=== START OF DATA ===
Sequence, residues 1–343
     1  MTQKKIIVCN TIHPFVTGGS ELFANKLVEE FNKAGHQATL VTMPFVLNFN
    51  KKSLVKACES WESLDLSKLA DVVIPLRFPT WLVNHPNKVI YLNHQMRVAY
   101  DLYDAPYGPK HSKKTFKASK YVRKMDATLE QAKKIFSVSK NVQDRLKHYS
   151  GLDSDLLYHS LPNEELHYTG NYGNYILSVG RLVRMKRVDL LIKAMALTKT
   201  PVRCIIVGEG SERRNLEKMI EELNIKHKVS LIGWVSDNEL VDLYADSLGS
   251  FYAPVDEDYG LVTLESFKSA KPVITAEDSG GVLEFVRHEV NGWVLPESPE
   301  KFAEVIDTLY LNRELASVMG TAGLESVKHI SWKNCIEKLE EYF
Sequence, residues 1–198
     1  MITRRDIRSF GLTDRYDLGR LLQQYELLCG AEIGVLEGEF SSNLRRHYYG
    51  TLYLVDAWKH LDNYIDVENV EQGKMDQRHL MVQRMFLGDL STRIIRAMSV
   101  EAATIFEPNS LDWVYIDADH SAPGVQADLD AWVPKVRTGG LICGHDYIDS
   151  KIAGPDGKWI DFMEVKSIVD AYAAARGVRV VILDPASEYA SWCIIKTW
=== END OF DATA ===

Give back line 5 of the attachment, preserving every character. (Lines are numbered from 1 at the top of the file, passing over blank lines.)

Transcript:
   151  GLDSDLLYHS LPNEELHYTG NYGNYILSVG RLVRMKRVDL LIKAMALTKT